How Accurate are Personality Judgments Based on Physical Appearance?

-*How accurate are inferences made from other people’s appearance, including facial expression, posture, and clothing? Sonoma State University’s Laura Naumann, with Simine Vazire then of Washington University in St. Louis, teamedwith University of Cambridge’s Peter Rentfrow, and Samuel Gosling of University of Texas at Austin, to investigate this question. They asked volunteers to rate 10 personality traits, […]

Attractive Men May Appear Competent, But May Not Be Hired

Previous blog posts documented bias favouring attractive people for hiring, venture funding, and positive impressions by others. Capable but less attractive individuals may encounter “workplace attractiveness discrimination,” reported Sun Young Lee of University College London, University of Maryland’s Marko Pitesa, Madan Pillutla of London Business School, and INSEAD’s Stefan Thau. Their studies found that people making […]

Plastic Surgery Changes Perceived Personality Traits

People often infer others’ personality attributes from visual cues, called facial profiling by Georgetown University Hospital’s Michael J. Reilly, Jaclyn A. Tomsic and Steven P. Davison, collaborating with Stephen J. Fernandez of MedStar Health Research Institute.This cognitive shortcut can lead to biased impressions and limited opportunities for those unfavorably judged. These researchers asked raters to evaluate photographs of 30 […]

Defining Elusive Elements of “Executive Presence”

Communication, “Gravitas”, and Appearance were most-frequently cited attributes of Executive Presence in a study by Sylvia Ann Hewlett of the Center for Talent Innovation. Interviews with 34 professionals, conducted by Perspex Consulting’s Gavin Dagley and Cadeyrn J. Gaskin, formerly of Deakin University, identified more elements than Hewitt’s proposed triad of qualities. Most executives described as having “presence” were […]

Acknowledge Potential Employer “Concerns” about Gender, Attractiveness to Get Job Offer

Although physically attractive people enjoy the advantage of others’ positive impressions, women applying for jobs in traditionally male jobs may be disadvantaged by female gender and attractive appearance. The “beauty is beastly effect” is a hiring bias favoring men or less attractive women for “masculine” jobs, described by Yale University’s Madeline E. Heilman and Lois R. Saruwatari. They […]

Gender Transitions Demonstrate Continuing Gender Differences in Pay, Workplace Experience

People who change gender demonstrate the impact of gender on workplace experience and compensation, while holding constant the person’s education and experience. Two Stanford professors’ experience in gender transition highlight findings by University of Chicago’s Kristen Schilt. Stanford’s Joan Roughgarden, was an evolutionary biologist for more than 25 years as Jonathan Roughgarden before she made […]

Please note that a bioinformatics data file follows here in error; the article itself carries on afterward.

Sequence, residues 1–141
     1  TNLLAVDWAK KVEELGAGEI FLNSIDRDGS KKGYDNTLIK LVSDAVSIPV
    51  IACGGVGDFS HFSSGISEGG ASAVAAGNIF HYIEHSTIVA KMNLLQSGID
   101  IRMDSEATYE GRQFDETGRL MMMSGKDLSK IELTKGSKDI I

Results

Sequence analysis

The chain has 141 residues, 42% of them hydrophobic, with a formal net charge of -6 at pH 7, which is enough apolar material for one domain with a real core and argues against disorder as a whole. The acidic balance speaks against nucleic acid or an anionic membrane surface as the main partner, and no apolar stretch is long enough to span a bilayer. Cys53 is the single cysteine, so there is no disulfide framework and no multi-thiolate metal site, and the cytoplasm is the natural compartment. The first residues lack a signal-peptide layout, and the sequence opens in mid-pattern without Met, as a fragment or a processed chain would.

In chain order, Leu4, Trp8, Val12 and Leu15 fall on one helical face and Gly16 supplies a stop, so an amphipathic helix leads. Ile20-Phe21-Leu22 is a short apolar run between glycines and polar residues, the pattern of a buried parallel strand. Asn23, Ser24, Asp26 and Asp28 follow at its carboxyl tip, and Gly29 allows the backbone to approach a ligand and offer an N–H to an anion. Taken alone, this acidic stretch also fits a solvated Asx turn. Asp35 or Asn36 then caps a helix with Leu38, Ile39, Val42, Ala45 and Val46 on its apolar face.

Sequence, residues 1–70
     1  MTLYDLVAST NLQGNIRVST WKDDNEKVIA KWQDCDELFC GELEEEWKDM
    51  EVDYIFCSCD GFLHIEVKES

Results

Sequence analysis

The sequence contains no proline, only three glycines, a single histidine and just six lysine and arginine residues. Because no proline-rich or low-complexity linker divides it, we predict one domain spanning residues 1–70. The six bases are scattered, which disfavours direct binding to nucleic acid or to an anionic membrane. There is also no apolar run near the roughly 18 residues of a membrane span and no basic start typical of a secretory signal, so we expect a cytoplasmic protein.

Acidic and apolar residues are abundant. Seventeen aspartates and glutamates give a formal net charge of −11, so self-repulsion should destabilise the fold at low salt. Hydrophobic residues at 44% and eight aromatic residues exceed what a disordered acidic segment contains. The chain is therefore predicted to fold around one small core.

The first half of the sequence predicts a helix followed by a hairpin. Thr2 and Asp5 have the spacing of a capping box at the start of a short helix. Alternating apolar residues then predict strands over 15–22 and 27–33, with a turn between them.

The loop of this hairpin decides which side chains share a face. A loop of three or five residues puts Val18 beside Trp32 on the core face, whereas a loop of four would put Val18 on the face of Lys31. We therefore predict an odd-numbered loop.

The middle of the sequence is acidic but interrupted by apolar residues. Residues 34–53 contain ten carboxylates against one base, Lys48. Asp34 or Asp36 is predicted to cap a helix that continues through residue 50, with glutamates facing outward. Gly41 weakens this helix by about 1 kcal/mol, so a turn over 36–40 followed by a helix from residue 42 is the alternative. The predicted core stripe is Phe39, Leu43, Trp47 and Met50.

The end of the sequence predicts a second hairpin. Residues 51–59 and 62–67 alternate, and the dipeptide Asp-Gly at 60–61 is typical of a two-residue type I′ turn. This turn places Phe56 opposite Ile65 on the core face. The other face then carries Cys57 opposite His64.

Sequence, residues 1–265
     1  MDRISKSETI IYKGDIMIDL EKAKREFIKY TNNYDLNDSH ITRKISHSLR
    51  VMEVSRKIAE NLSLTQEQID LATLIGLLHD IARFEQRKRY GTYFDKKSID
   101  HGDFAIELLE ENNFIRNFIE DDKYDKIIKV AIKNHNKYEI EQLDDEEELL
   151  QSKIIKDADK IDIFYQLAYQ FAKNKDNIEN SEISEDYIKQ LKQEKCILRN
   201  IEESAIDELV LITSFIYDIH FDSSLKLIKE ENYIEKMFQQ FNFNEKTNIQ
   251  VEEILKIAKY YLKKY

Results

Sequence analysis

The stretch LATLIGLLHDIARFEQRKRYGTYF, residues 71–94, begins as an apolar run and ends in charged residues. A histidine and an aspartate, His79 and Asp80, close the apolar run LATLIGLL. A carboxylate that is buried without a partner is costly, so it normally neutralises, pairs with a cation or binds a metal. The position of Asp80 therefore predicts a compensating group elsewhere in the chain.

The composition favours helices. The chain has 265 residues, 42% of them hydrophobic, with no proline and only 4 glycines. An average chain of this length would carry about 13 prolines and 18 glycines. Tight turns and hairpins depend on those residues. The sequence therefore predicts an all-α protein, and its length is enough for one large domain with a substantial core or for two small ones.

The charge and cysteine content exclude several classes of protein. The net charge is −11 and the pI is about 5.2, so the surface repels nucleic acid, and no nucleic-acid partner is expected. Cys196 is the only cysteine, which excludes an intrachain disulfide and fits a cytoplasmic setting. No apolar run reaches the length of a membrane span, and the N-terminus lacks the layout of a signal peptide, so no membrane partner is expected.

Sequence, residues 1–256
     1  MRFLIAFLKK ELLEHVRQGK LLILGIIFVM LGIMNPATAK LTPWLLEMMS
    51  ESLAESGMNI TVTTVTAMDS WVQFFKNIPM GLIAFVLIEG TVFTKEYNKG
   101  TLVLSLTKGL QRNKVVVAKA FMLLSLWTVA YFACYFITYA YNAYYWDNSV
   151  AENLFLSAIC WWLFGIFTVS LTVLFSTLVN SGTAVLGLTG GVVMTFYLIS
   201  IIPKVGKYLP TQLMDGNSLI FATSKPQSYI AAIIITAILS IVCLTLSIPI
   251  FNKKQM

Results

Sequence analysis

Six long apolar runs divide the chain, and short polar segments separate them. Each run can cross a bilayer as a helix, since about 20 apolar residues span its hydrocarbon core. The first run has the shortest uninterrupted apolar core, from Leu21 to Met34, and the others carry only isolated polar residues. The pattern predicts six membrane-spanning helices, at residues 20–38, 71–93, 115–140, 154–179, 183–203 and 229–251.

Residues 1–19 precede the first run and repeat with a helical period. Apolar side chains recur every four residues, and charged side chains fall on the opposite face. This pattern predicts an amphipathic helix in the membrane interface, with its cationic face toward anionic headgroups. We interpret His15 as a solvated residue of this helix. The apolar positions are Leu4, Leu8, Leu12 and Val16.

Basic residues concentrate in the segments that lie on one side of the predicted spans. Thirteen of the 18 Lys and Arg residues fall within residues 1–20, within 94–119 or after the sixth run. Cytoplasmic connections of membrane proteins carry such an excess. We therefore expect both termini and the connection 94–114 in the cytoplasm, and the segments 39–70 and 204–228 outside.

Attractiveness Bias in Groups

Individuals were rated as more attractive when they were observed in a group rather than alone, reported University of California, San Diego’s Drew Walker and Edward Vul. The perceptual system “computes” a statistical summary representation of “an ensemble” – a group – and is biased toward perceiving the ensemble average as attractive, they wrote. Individuals are […]

Self-Perceived Attractiveness Shapes Views of Social Hierarchies

Cosmetic surgery is the fastest-growing medical expenditure in the U.S, and Americans spend more on personal grooming than on reading material. Even during the recession of 2008, Americans spent at least $200 billion on products and services to enhance their appearances, according to Stanford’s Margaret Neale and Peter Belmi, now of University of Virginia. Personal […]

Attractive Appearance Helps Men – but not Women – Gain Business Funding

Entrepreneurs create jobs and contribute to economic growth with early investment by financial backers who trust the perceived business proposal’s viability and the founders’ previous experience. Additional implicit criteria for new venture-funding include gender and physical attractiveness, asserted Harvard’s Alison Wood Brooks, Laura Huang of Wharton, MIT’s Sarah Wood Kearney and Fiona E. Murray. Brooks and […]

When Appearance Matters for Career Development

Numerous social science studies link perceived attractiveness with perceived competence and likeability, including a meta-analysis by Michigan State University’s Linda Jackson, John E. Hunter and Carole N. Hodge. They found that physically attractive people are perceived as more intellectually competent, based on their research on “status generalization” theory and “implicit personality” theory. Women who wore cosmetics were rated […]